Just ask Erik Seidel, Steve O'Dwyer or Fedor Holz, who are among those who have all ridden the high of a high roller hot streak to fame and fortune in the recent past.
Now, it appears, it's David Yan's turn. The rising Kiwi star won the PokerStars EPT Malta €25,750 High Roller for €465,800 on Sunday, after a runner-up finish where he walked away from a chop with the lion's share of the prize pool in the PokerStars EPT Barcelona €25,500 High Roller this past August. All this is with a six-figure World Series of Poker Circuit Berlin Main Event win sandwiched in between.
Players on such streaks often talk about the confidence that winning breeds and how that confidence helps them trust their reads. Fitting then that Yan was able to play bluff catcher in the final hand Sunday, calling a sizable shove with two pair on a board where a flush and straight were considerable possibilities. He went with his gut, he was right and this latest hot streak was born.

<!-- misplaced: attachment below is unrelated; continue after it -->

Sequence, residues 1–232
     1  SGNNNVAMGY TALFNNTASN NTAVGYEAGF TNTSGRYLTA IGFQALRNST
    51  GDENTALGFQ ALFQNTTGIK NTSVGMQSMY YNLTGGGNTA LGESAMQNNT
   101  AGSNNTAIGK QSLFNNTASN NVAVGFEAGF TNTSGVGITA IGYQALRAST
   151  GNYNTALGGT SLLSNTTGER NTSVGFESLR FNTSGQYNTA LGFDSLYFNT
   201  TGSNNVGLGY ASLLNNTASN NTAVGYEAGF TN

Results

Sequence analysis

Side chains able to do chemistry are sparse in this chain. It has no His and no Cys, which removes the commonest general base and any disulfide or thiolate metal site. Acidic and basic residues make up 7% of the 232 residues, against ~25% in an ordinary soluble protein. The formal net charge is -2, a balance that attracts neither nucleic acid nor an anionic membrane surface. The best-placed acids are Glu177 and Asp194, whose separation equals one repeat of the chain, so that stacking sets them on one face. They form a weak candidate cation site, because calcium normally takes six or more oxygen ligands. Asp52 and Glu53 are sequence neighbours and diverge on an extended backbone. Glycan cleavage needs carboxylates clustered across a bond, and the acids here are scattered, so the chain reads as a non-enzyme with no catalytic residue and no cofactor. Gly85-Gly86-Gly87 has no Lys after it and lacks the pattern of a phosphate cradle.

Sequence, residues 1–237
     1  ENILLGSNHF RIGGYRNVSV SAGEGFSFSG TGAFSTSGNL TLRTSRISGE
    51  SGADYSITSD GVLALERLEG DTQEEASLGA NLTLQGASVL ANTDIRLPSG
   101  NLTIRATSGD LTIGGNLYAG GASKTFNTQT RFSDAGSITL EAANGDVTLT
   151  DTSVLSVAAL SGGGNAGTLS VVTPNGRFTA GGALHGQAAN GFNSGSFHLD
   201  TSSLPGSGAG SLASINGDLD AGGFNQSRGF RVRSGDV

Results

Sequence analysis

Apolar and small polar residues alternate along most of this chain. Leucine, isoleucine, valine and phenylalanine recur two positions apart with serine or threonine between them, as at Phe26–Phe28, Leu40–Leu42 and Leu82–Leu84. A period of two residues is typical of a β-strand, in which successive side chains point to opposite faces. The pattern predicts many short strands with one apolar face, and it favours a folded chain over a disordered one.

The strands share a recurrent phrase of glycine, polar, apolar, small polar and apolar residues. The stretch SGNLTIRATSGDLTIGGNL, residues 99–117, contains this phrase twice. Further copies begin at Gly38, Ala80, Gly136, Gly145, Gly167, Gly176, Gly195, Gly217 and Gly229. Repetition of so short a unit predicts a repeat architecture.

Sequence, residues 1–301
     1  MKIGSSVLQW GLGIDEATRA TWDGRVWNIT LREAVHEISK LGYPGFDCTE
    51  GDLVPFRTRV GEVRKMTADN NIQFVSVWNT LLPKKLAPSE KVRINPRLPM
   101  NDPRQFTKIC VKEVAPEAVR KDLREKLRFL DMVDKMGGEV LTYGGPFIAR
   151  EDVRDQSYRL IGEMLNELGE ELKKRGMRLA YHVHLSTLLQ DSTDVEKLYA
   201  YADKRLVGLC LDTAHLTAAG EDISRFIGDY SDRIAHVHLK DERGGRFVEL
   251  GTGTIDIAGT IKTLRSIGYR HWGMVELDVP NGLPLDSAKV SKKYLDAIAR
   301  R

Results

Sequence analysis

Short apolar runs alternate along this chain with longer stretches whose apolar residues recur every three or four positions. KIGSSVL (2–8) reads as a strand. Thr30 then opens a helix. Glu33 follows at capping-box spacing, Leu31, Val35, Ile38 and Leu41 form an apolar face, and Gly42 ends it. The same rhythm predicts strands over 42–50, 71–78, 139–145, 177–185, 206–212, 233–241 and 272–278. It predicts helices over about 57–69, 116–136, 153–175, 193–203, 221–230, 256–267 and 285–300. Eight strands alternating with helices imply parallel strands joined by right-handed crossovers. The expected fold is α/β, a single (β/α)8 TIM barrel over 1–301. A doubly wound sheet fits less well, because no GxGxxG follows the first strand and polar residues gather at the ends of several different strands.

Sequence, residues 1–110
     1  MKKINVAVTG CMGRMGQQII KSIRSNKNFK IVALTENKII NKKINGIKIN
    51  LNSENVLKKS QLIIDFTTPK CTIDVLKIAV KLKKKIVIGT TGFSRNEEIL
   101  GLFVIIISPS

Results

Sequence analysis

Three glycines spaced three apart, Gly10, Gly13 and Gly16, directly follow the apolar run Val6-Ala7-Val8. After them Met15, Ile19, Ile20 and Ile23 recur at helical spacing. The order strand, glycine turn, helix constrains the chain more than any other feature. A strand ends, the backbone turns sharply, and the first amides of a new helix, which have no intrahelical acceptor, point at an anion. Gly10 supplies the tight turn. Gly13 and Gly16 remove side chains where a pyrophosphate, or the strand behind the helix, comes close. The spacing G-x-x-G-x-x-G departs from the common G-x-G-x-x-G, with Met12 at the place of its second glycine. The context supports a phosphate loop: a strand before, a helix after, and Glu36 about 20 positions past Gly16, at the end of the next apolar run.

- David Yan Wins the PokerStars EPT Malta €25,750 High Roller for €465,800
- Pratyush Buddiga Wins the EPT Barcelona €25,500 Single-Day High Roller for €690,275, David Yan 2nd for €704,755
4. I'm A Belieber
Justin Bieber was spotted playing relatively low-stakes no-limit hold'em at a casino in London last week.
This marks the second time this year the Canadian pop idol has been seen mixing it up on the poker tables, with several snapshots of him playing inside the Borgata poker room in Atlantic City surfacing a few months back.
Like millions who enjoy the game around the world, it seems the Biebs has discovered poker as a pastime where everyone sits down as equals and can play with the public without drawing too much in the way of unwanted attention.